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News from a wargamer with a special interest in the military history of the Balkans. It mainly covers my current reading and wargaming projects. For more detail you can visit the web sites I edit - Balkan Military History and Glasgow & District Wargaming Society. Or follow me on Twitter @Balkan_Dave
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Wednesday 13 December 2023

In praise of Napoleonic engineers

 A group of us have been playing a scenario from the Russo-Turkish War of 1806-12. Many of the battles in this conflict involved armies crossing the Danube and the other side responding. Alternatively, having to support a garrison on the 'wrong' side of the river. We fought a typical scenario of the Russians crossing to threaten an Ottoman fortress and the Ottomans responding. 

We played it in 15mm using Blucher rules, and a good couple of days of gaming was had by all. However, it got me thinking these actions were only possible because of the engineers on both sides. Not just the fortresses and siege works but also the crossing of the Danube itself. These are units you rarely see in a Napoleonic wargame. 

The Ottomans had the Lagimci Ocagi who undertook field works, fortifications and siege operations. They were traditionally associated with the Mortar Corps but had their own specialist schools. In 1774, Baron de Tott established a military engineering section specialising in pontoon bridges. They were recruited from traditional related trades and geographically, mainly from Albania and Bosnia. The schools taught mathematics and surveying and translated European technical works. There does not appear to have been a standard uniform or even the same headgear. Chris Flaherty has three colour plates in his book, and David Nicolle has one in the Osprey. The Ottoman engineer Selim Efendi trialled balloons for military purposes. These included sending messages into besieged forts. I may dust down my 28mm balloon!

French military missions included engineering experts. De Lafitte, Monnier, and Mehmed a Prussian convert, established the School of Fortification with the intention of training engineer officers expert in siege techniques and fortification. The total number of students was at most fifteen, but courses were open to whoever desired to attend. An Arabic script press was set up in the French Embassy and two major textbooks were printed. Kahraman Şakul has written a helpful paper on Ottoman military engineering, which can be downloaded here.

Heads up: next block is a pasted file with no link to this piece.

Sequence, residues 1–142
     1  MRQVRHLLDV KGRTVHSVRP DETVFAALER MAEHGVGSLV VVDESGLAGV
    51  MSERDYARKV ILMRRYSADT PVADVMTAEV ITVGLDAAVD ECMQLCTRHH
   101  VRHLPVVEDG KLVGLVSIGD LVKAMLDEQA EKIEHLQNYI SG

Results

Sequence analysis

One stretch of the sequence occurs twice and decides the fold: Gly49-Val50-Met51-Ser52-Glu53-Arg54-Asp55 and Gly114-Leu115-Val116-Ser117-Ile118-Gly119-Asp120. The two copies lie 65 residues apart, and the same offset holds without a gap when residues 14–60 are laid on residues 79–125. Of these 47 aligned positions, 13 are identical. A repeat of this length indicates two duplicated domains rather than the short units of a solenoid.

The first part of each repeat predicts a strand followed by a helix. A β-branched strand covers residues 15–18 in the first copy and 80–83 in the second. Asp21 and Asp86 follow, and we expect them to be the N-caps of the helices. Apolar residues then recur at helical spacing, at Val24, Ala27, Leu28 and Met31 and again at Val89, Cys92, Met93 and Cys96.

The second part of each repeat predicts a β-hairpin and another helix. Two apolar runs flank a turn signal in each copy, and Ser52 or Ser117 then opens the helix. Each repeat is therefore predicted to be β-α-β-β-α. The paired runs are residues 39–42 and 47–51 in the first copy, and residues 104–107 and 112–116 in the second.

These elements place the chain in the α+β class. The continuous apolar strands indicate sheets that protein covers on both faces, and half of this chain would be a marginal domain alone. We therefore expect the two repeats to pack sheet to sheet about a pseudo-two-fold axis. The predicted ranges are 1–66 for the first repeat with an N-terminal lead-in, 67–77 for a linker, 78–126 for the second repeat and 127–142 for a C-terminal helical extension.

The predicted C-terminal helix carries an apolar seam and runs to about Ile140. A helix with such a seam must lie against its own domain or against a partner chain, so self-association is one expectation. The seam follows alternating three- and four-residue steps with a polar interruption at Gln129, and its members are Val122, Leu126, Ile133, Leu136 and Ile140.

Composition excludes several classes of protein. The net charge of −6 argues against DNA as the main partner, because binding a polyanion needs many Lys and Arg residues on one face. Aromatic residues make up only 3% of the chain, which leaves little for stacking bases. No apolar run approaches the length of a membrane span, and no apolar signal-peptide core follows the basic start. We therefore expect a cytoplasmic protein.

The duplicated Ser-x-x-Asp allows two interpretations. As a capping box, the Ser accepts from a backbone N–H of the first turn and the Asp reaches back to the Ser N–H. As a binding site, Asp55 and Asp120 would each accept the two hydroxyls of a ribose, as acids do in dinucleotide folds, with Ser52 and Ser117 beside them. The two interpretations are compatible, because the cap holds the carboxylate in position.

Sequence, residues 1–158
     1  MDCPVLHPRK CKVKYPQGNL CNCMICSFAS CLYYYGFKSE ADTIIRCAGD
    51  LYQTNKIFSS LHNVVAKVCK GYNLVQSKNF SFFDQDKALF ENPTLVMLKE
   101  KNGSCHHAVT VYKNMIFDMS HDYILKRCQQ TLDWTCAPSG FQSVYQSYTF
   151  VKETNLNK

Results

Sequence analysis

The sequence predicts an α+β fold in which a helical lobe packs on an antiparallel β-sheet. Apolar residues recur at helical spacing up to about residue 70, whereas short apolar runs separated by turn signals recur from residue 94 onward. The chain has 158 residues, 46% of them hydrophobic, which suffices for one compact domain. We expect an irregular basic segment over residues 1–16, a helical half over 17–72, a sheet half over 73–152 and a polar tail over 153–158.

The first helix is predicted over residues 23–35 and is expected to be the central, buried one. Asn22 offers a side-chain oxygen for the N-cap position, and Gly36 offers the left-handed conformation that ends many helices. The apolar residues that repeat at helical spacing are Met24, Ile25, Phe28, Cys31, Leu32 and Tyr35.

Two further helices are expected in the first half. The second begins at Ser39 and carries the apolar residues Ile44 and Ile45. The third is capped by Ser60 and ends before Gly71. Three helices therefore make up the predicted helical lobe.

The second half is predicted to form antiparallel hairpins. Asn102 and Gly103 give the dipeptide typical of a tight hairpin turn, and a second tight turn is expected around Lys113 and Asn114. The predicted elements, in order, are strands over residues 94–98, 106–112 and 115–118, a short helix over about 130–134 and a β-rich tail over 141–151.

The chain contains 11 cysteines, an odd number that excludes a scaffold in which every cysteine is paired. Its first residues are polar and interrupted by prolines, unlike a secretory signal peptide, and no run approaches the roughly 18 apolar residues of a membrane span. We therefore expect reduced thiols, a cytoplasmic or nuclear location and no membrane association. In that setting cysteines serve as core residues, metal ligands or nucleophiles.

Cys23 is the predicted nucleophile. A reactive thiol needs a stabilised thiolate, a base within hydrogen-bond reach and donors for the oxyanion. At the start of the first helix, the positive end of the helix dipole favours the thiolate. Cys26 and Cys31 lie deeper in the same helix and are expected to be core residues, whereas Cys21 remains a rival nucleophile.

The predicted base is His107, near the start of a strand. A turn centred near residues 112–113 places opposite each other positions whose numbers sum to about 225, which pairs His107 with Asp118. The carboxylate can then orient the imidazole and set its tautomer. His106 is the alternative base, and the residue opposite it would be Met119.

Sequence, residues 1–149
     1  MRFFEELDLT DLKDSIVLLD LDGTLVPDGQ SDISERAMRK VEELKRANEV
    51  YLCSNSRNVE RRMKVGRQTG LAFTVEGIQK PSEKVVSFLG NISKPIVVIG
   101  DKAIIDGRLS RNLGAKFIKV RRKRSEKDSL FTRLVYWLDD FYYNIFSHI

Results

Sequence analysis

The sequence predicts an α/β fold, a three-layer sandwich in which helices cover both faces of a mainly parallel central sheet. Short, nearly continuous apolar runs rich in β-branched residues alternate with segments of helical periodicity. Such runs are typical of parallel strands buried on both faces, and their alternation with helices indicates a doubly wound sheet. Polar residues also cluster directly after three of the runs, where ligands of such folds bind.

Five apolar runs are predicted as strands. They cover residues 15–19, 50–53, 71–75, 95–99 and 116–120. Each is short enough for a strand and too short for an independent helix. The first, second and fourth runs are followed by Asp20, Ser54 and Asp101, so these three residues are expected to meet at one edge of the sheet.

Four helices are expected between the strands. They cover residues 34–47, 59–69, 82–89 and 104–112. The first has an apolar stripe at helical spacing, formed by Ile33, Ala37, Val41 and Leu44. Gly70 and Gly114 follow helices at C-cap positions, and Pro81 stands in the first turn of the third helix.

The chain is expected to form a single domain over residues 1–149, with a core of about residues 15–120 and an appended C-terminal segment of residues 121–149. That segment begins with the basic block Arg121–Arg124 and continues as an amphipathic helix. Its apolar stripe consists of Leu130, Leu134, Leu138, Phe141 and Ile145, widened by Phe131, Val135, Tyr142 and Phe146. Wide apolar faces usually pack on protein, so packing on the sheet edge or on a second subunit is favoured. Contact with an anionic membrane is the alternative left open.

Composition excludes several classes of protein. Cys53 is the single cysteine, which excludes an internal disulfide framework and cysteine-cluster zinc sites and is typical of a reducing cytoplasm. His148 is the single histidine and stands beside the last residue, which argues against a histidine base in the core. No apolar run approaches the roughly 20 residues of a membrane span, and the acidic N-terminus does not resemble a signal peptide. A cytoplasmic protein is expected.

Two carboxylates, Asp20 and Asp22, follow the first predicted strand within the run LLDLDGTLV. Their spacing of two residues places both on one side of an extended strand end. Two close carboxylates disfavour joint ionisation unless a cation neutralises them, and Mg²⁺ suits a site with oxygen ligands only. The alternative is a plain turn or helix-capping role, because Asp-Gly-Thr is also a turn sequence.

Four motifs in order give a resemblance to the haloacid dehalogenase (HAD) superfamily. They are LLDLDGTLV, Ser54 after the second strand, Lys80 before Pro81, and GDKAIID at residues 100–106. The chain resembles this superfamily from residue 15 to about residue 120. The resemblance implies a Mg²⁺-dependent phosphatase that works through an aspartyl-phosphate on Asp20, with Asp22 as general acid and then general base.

Russian engineers were an offshoot of the foot artillery and wore similar uniforms with white buttons. There is a colour plate in the Osprey of a Pontonier of a pontoon regiment. The first engineering schools were created in 1708 in Moscow and then in March 1719 in St. Petersburg. The term of study at these schools ranged from 5 to 12 years. Each army would have a Chief of Engineers to provide the specialist expertise. A Russian pioneer regiment consisted of two battalions, each of one miner and three pioneer companies. By 1806 this has expanded to two three-battalion regiments and a sapper regiment was organised in 1812.

For the Danube campaigns in particular, we should remember the role played by the river fleets. They defended bridges and transported troops. The Ottomans organised their river fleets (ince donanma) into flotillas of 10 or 12 light galleys and gunboats. They also had river transport ships called schaicks, large enough to transport troops and artillery. Ottoman naval tactics emphasised manpower rather than firepower. Emir Yener's work on the Ottoman Navy is a recommended read (Yener, E., Ottoman Seapower and Naval Technology during Catherine II’s Turkish Wars 1768-1792 (International Naval Journal, 2016, Vol. 9, Issue 1).

There are a few figure ranges that do engineer models. Minfigs used to do a Russian model in 15mm, although I can't find it in the current range. However, foot artillery figures and drivers with wagons would do fine. For the Ottomans artillery crew would again do the job. 

I suspect that other than specific scenarios, most of us treat engineering tasks as pre-battle activities. This is a practical way of dealing with the issue but we shouldn't forget the important role they played in warfare of the period.

Some of my 28mm Ottoman artillery. These are probably a little early for the period in discussion.


  1. Fascinating. Thanks. 👏
    I have a few small vessels for “turn of the last century” Danubian naval games (broadly 1880-1918). Sadly there doesn’t seem much information available on the subject. Unless you have another book waiting in the wings…?

    1. If only. There are precious few sources for even this outline. I do have an interesting monograph by Charles Fryer covering your period, 'The Royal Navy on the Danube' (Columbia Press, 1988). It covers the Royal Navy mission (Rear-Admiral Troubridge) to Serbia to help them tackle the Austrian monitors. I have always fancied doing something about this.